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The Journal Gazette

  • Lutheran Health Network broke ground Wednesday afternoon for its new hospital at Van Buren and Main streets. (Michelle Davies | The Journal Gazette)

  • Golich

  • Stovall

Thursday, July 18, 2019 1:00 am

Lutheran breaks ground on downtown site

SHERRY SLATER | The Journal Gazette

When 18 shovels broke ground Wednesday for a new downtown hospital at the southwest corner of Van Buren and Main streets, some doubts were finally buried.

Mayor Tom Henry referred to those concerns in remarks at Lutheran Health Network's early afternoon ceremony for the new, $120 million Lutheran Downtown Hospital.

“Although there were some doubters in this community about whether they would follow through, they have,” he said.

Henry said afterward he wasn't among those doubters, who have cited parent company Community Health Systems' long-term debt of $13.4 billion as of March 31 and $5 billion in losses since 2016 as reasons for skepticism.

“I knew it was going to be a challenge, obviously, because of their financial picture and the (employee) turnover and the angst in the community,” he said. “But the fact that we're here today says volumes about them.”

Mark Medley, Lutheran network's CEO, encouraged the more than 250 gathered to leave the past behind.

“Welcome to the future of health care in downtown Fort Wayne,” he said. “It doesn't look like much now, but where you are sitting right now – and standing – we are going to be saving lives.”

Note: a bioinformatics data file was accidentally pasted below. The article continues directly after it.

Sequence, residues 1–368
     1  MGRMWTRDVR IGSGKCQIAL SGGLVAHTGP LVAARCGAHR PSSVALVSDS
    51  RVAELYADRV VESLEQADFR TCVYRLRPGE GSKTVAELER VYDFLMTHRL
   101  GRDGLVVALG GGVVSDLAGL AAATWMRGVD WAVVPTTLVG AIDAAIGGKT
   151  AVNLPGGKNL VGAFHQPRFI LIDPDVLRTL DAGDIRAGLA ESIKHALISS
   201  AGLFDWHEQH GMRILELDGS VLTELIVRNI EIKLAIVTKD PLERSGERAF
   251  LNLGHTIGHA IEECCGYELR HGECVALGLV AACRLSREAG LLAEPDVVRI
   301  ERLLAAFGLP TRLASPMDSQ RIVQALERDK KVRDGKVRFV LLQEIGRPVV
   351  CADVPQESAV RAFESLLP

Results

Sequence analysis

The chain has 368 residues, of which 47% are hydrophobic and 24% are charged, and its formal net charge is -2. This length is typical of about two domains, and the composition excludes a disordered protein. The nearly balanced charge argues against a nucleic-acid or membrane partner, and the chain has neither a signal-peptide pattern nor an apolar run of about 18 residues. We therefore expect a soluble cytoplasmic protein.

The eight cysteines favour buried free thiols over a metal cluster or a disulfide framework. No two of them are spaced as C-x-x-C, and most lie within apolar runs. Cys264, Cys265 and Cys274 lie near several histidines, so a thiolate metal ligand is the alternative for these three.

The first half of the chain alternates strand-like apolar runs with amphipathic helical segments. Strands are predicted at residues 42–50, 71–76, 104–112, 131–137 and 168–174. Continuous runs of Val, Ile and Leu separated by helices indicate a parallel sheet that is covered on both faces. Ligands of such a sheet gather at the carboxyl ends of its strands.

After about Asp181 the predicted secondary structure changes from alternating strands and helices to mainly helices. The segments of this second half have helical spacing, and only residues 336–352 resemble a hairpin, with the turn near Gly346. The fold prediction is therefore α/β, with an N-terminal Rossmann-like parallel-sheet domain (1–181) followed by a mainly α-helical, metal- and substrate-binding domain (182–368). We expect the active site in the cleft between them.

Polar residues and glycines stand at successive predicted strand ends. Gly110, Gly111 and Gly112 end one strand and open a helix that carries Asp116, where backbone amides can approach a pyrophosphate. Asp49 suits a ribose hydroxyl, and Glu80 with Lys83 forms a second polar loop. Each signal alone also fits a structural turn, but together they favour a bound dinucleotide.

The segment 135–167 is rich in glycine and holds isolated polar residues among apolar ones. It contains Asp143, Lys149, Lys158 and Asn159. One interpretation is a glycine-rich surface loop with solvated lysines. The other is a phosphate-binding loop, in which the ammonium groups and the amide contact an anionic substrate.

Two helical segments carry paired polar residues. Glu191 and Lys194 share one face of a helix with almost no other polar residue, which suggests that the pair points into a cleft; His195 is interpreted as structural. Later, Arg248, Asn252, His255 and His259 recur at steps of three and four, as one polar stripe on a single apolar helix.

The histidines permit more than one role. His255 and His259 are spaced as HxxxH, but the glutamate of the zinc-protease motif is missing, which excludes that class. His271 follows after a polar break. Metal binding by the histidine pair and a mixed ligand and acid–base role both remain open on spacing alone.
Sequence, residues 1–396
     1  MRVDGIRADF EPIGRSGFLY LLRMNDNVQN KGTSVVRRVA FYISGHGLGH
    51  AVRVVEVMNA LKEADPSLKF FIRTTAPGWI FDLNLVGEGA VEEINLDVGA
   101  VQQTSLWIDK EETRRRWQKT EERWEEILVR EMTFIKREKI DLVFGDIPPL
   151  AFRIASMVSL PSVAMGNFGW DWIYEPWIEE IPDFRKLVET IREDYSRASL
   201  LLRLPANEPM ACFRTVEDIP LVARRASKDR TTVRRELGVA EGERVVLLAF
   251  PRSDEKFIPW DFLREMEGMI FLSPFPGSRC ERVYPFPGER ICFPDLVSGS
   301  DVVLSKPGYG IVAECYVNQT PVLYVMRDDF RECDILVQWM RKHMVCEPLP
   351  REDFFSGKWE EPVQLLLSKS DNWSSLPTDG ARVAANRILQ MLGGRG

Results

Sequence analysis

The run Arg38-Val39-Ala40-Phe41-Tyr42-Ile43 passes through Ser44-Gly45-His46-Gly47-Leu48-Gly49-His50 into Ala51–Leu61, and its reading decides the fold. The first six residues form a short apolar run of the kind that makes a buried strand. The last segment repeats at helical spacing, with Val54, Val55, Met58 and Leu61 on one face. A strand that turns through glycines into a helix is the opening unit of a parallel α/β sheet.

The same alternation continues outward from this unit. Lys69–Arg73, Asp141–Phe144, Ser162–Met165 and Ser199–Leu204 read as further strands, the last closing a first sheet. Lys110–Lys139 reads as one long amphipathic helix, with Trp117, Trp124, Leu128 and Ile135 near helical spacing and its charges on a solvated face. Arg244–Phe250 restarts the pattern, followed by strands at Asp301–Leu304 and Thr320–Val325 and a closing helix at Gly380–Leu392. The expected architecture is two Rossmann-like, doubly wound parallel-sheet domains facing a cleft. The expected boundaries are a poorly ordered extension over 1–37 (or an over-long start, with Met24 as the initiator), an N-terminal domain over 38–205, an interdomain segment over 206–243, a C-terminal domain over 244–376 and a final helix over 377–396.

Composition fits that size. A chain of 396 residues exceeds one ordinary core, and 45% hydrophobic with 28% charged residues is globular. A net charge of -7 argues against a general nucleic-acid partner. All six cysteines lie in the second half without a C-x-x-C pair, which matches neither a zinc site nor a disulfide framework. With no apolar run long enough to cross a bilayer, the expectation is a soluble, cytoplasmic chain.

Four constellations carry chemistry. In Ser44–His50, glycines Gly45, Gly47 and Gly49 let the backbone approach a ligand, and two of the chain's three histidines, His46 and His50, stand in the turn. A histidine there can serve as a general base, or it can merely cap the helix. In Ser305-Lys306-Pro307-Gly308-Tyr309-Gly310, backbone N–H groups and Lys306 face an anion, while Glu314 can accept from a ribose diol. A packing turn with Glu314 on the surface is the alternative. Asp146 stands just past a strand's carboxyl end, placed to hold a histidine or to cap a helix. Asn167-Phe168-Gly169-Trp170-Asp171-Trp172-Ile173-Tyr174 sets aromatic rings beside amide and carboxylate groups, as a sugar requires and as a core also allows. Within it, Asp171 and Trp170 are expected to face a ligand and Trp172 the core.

The 188,000-square-foot hospital is expected to be completed in late 2021 and open for patients in early 2022. The five-story building will have 60 in-patient beds with room to grow to 100 through future expansion.

Weigand Construction is doing pre-construction services, including working with designers, Lutheran network's spokesman Geoff Thomas said in an email. A general contractor will be named when final construction documents are issued this fall.

Plans call for the hospital to offer emergency, surgical and intensive care. Services will include cardiac catheterization and advanced imaging.

Jake Golich, St. Joe's CEO, started in his position just last week.

“It's a little overwhelming, but in a positive way,” he said in an interview. “A lot of the hard work has already been done.”

Golich's message to the crowd – which included dozens of St. Joe employees – echoed his new boss's words.

“We are very proud of St. Joseph and its legacy, but today is about the future,” he said. “I invite all of you to look forward.”

But even the biggest St. Joe boosters have struggled at times to believe the groundbreaking would occur.

Dr. Andre Stovall, St. Joe's chief of staff, after the ceremony described himself as an optimist.

“I'm not a financial guy, so I have no idea how that stuff works,” he said. “People would ask me, 'Are they really going to do it?' I'd say, 'I think so. They're pretty serious about it.'”

Jerry Henry, chairman of St. Joe's advisory board of trustees, told The Journal Gazette that at one time he put the odds of the new hospital being built at 50-50.

“Let's say 60-40,” he said, correcting himself. “I am so proud of where we are today. I never gave up.”

He believes the biggest challenge Lutheran officials face will be coordinating the transition of equipment, patients and staff from the St. Joe building to the new hospital.

“That will be like Hannibal crossing the Alps,” he said. “It's a big project.”

Tom Henry, who has a front-row seat to the city permitting process, said the hospital construction project has passed the required hurdles.

“I think the only challenges they might experience,” he said, “are just in their own organization.”

Golich didn't reveal any personal concerns. He told the crowd that bulldozers and cranes will soon be on site.

“We're here,” he said, “to provide high-quality health care for every patient, every time at every location.”

sslater@jg.net